Dead & Company will revisit the site of the Grateful Dead‘s legendary May 8th, 1977 concert at Cornell University‘s Barton Hall for a benefit show exactly 46 years later, the band confirmed on Wednesday. The special concert on Dead & Company’s The Final Tour will support MusiCares and Cornell’s The 2030 Project.
A ticket lottery for the Dead & Company May 8th, 2023 concert at Cornell University’s Barton Hall is open now through 11:59 p.m. ET on March 10th. The band is offering a multitude of ticketing tiers, including reserved seating, Franklin’s Tower GA, and pit as well as VIP upgrades. Cornell University students qualify for $77 tickets. A variety of travel packages are also available including lodging at area hotels and motels. Full event details are available here.
Eschewing the stadiums and ballparks that fill the band’s last tour schedule, the Grateful Dead offshoot featuring Bob Weir, Bill Kreutzmann, Mickey Hart, John Mayer, Oteil Burbridge, and Jeff Chimenti will perform a massive underplay at the 4,800-capacity campus fieldhouse. The band began teasing the anniversary event late last month with a cryptic social media post.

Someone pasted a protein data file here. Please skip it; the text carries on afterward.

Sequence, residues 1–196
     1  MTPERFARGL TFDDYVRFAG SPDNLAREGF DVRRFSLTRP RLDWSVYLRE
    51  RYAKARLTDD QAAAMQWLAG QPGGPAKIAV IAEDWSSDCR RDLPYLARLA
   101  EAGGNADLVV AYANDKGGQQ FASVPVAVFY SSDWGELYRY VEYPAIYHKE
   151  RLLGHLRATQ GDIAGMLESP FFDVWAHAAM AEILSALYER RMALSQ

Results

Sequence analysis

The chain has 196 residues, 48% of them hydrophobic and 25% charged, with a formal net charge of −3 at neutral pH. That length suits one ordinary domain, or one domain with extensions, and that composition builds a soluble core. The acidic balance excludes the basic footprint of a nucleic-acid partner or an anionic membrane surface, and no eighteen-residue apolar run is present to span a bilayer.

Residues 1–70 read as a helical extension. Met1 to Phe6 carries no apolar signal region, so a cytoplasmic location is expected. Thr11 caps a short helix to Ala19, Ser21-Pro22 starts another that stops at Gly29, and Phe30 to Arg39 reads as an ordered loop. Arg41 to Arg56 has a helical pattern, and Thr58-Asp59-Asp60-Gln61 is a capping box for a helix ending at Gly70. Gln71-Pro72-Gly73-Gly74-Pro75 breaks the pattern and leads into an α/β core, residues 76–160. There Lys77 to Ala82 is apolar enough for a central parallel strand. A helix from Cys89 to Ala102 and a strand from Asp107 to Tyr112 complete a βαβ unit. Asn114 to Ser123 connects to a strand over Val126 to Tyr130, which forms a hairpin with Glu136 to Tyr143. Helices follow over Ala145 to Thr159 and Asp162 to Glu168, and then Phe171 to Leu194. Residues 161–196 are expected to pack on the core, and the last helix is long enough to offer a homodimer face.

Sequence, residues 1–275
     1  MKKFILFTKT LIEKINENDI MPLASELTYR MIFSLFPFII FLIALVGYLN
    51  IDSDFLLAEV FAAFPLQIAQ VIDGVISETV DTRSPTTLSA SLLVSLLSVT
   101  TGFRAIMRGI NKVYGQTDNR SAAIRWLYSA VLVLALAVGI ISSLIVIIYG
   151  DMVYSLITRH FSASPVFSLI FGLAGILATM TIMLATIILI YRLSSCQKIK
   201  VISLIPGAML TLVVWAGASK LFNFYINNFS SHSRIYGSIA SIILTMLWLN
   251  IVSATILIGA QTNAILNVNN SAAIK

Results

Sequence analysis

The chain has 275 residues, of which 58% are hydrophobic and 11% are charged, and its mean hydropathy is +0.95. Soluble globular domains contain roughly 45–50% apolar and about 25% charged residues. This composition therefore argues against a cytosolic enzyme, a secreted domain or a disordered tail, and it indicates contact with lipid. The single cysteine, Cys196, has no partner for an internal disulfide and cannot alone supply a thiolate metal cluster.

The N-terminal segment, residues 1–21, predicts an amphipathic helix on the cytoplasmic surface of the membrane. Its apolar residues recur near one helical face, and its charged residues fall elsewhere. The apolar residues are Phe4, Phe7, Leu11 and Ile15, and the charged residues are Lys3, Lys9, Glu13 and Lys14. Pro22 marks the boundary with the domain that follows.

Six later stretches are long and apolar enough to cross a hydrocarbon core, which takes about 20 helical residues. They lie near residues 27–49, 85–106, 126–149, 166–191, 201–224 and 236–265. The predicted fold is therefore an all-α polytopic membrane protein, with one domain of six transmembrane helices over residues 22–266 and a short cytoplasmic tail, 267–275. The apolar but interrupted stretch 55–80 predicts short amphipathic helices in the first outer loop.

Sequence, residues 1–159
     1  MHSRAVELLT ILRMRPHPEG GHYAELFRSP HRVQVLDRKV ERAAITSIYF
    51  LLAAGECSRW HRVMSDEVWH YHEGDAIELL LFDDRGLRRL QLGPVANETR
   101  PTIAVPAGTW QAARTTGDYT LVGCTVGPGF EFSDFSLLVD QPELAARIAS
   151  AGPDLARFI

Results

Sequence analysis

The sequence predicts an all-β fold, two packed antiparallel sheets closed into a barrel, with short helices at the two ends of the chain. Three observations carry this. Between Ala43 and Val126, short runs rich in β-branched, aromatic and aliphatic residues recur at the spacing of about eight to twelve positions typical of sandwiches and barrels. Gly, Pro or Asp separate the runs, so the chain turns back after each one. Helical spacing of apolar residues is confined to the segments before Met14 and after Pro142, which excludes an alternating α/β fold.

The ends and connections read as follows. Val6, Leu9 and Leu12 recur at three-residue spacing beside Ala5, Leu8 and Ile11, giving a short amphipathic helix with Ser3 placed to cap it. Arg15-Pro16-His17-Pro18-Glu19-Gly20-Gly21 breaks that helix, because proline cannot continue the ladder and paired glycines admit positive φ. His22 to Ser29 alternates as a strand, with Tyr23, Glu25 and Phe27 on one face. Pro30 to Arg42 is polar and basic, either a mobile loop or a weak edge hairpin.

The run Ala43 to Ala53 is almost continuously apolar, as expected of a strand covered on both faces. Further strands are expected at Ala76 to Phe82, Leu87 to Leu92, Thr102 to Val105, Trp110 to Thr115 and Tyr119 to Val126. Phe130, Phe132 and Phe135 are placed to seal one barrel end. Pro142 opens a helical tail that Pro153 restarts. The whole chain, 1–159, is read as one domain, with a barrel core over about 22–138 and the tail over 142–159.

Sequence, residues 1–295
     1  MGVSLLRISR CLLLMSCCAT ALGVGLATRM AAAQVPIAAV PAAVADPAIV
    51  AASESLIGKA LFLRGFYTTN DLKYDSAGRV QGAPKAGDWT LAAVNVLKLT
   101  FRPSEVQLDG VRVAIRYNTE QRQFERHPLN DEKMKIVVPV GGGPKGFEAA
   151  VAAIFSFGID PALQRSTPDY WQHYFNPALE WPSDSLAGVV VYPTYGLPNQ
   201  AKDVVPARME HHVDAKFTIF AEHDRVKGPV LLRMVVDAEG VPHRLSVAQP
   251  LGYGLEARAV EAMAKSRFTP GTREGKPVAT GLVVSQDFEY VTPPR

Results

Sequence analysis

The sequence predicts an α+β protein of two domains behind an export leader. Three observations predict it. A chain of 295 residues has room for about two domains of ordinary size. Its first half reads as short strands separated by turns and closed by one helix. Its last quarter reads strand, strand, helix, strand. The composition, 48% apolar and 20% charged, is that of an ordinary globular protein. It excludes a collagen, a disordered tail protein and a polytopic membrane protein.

For Weir, Kreutzmann, and Hart, this long strange trip will take them back to the site of what many consider one of the Grateful Dead’s finest concerts. In the post-Jerry Garcia years, Cornell 5/8/77 has taken on a mythical status with books, an officially sanctioned mini-documentary, a conspiracy theory that the show never actually happened, and of course a lavish archival release further cementing the legacy. Read more about the lore of the Dead’s Cornell concert here.
Weir weighed in on the show’s elevated place in Grateful Dead history in a 2017 interview with Rolling Stone.
For me it was just another tour. I remember feeling like we were hot back when were doing it. But, for instance, that Cornell show that that people talk about, I can’t remember that specifically. It didn’t stand out for me on that tour. The whole tour was like that for me. I think that show became notable because there was a particularly good audience tape made of it. And that got around. I think it was the quality of the recording was good and the guy’s location was excellent. And whoever it was that made that recording made every attempt to get it out there so that people could hear it.
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